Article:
Abscesses can occur as the result of: (1) bacteremia; (2) superinfection of a seroma, hematoma or biloma; and (3) superinfection of liver infarcted area, usually in patients with HAT or HAS and biliary necrosis (Figure 8). Features of abscess can be typical on MDCT and MRI, with focal hypovascular lesions surrounded by a rim of contrast enhancement (Figure 14) and sometimes intralesional gas. On the other hand, imaging findings can be nonspecific, making percutaneous drainage indispensable for diagnosis and treatment[3].

Figure 14
Figure 14 Multiple liver abscesses arising from infected bilomas in a 48-year-old recipient with hepatic artery stenosis.

In the case of seromas, bilomas, hematomas and abscesses, the main role for imaging is to establish the site and the amount of the collection in order to plan or guide interventional diagnostic or therapeutic procedures[12].

Malignancy: HCC and de novo tumors

OLT is a curative option for HCC. However, the likelihood of HCC recurrence vary according to selection criteria for OLT: rates of recurrence at 4 years are 10% for patients with HCC within the Milan criteria, and up to 60% for patients with HCC outside Milan criteria[70]. When stringent selection criteria are applied, the recurrence rate is not affected by potential tumor underestimation at initial imaging examinations[71], and the survival rate approximates that of transplanted patients without HCC[5]. The risk for recurrence depends on tumor size, number of lesions, differentiation and the presence of vascular invasion. Most studies report a median time for recurrence of 12.3-19.2 mo from OLT[72]. Nowadays, there is no consensus on how to perform imaging surveillance in patients undergoing OLT for known HCC or in patients with incidental HCC found in the explanted liver. Recent guidelines provided by the American Association for the Study of Liver Disease and the American Society of Transplantation suggest to perform abdominal and chest MDCT every 6 mo for 3 years after OLT. In the case of recurrent allograft cirrhosis in patients without previous HCC, abdominal imaging every 6 to 12 mo is recommended[69], though de novo HCC seems to be extremely rare in this subset of patients[72]. A few imaging studies investigated whether recurrent HCC shows specific image patterns compared to native HCC. Based on locations, rates of recurrence were reported to be 1%-23% in the allograft only, 38.5%-53% in extrahepatic sites, and 31%-38.5% in both allograft and extrahepatic sites[72]. These results have been recently confirmed by Lee et al[72], who showed that the most prominent volume of recurrent tumor burden occurs near the transplanted liver (ICV, hepatorenal space and the surgical scar along anterior abdominal wall), suggesting that surgical manipulation occurring during the OLT may lead to intraoperative spilling of tumor cells capable to survive years before growing into detectable nodules. These results are of interest both in making radiologists aware of studying specific locations where recurrence is commoner (Figure 15), and in suggesting that the most frequent way of HCC recurrence is intra abdominal seeding rather than hematogenous or lymphatic spread. Concerning metastatic disease, it most frequently involves the lungs, lymph nodes, adrenal glands and bone[3].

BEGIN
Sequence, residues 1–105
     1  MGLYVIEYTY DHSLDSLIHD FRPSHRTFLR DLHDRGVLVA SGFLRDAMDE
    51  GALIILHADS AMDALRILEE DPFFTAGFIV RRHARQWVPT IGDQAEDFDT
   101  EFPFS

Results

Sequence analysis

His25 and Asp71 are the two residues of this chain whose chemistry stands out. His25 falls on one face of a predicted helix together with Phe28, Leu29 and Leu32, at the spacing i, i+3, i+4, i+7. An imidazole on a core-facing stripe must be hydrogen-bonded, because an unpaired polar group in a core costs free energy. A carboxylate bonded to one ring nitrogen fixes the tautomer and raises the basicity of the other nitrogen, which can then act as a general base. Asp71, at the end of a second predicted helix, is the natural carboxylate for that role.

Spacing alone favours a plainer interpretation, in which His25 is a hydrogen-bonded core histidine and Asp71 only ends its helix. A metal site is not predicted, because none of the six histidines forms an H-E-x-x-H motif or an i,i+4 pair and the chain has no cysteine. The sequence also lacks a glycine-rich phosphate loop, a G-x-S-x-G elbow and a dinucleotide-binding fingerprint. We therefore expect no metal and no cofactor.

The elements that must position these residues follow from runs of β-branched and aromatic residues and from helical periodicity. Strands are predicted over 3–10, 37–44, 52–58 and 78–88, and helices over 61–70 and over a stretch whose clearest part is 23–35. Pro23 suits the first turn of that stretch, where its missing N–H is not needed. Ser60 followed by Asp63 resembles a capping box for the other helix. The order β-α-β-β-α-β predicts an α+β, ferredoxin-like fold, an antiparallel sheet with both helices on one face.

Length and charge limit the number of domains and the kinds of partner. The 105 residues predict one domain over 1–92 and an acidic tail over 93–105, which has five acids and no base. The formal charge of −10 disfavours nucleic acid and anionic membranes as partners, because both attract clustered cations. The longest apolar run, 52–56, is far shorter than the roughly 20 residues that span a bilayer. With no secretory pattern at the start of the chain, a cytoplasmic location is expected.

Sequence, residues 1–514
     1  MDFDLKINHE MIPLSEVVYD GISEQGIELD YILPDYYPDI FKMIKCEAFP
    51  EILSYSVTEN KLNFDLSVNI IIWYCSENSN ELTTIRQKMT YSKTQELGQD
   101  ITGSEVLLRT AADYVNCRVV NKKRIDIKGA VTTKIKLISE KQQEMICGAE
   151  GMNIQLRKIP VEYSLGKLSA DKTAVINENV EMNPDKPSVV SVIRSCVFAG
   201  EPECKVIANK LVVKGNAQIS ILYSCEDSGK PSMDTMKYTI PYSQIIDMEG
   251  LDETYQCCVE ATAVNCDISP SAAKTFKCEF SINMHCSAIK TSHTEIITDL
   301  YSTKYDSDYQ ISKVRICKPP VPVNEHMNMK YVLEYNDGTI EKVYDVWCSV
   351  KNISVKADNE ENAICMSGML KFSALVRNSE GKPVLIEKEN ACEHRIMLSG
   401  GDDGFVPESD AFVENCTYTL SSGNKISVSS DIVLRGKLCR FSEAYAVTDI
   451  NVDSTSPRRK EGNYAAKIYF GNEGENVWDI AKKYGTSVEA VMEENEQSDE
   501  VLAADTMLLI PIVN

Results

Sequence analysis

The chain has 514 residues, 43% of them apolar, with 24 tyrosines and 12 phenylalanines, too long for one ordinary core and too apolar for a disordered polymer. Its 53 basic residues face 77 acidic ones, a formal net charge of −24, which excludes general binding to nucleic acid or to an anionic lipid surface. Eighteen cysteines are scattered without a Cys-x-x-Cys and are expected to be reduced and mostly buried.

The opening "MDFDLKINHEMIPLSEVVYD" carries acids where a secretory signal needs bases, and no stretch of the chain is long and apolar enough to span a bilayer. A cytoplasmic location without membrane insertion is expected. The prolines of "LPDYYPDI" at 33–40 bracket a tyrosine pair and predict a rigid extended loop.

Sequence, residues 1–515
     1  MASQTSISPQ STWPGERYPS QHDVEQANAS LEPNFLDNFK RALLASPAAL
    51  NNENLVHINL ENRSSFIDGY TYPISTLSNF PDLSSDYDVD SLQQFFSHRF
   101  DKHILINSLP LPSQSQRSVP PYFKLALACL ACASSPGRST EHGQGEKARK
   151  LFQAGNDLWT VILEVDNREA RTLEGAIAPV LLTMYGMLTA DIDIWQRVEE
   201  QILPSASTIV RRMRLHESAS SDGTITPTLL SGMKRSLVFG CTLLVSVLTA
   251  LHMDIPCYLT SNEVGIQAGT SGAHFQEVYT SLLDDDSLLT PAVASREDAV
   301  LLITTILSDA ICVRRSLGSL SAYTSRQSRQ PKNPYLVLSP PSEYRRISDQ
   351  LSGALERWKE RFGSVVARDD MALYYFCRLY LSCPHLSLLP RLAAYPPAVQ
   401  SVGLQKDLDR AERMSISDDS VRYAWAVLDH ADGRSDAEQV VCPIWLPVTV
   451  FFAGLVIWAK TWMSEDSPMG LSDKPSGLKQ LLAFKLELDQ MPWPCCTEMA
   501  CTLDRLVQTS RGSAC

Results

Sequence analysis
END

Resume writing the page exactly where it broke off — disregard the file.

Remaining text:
Figure 15
Figure 15 Recurrence of hepatocarcinoma in a 65-year-old human B virus infected male transplanted patient. On the subtracted arterial phase magnetic resonance imaging (A) two mildly hypervascular lesions are visible in the extrahepatic region, between the stomach and left diaphragm (arrows). Lesions, that were histologically confirmed to be hepatocellular carcinoma, show absence of contrast wash-out on the venous phase (arrows in B) and hepatocellular contrast uptake in the hepatospecific phase (arrows in C). A regenerative nodule with intense contrast uptake is visible in the hepatospecific phase only (arrowhead in C).

Because of co-existing risk factors (including smoking, EBV infection and inflammatory bowel disease in patients with primitive sclerosing cholangitis) and the immunosuppressive therapy, transplanted patients are at higher risk to develop de novo malignancies, with a cumulative incidence increasing with time from OLT (up to 20% at 10 years)[69]. Most frequent tumors arising in the post-OLT period are skin cancers and post-transplant lymphoproliferative disease (PTLD). Although globally uncommon (incidence of 0.9%-2.9%), PTLD is a serious complication[69], typically occurring within the first year from OLT. As detailed elsewhere[73], PTLD is a term encompassing a spectrum of hematologic conditions ranging from abnormal polyclonal lymphoid hyperplasia to overt monoclonal lymphoma. The majority of PTLDs consist in B-lymphocyte proliferations activated by EBV infection; such a proliferation lacks self-limitation due to immunosuppression. PTLD can manifest: (1) with a nodal and/or extranodal form involving almost all organs; and (2) as localized or disseminated disease. In liver recipients, PTLD is more frequently extranodal in nature, with intra-abdominal and extrahepatic disease as the most frequent manifestation. Extrahepatic PTLD presents as an ill-defined soft tissue mass, typically involving the hepatic hilum and determining encasement or narrowing of the hepatic artery, portal vein and common bile duct. The lesion usually is hypoechoic on US, hypoattenuating on CT and with T1 hypointensity and mildly T2 hypointensity on MRI[73]. Contrast enhancement may be heterogeneous or occur at the periphery of the lesion[74]. Liver involvement presents with well defined, hypovascular focal lesions or, less frequently, with an infiltrative pattern showing similar US, MDCT and MRI features than the extrahepatic masses. When small or large bowel are involved, wall thickening, eccentric mass, luminal ulceration and perivisceral fat stranding are common findings[73]. Imaging plays a pivotal role in the early diagnosis of the lesions, assessment of the disease extent, guiding biopsy and monitoring the treatment response[73]. MDCT is the preferred modality due to ready availability and panoramicity. CT-positron emission tomography (CT-PET) also has an important role, being used in evaluating the response to therapy, especially when there is need to differentiate residual tumor from fibrosis or necrosis[75].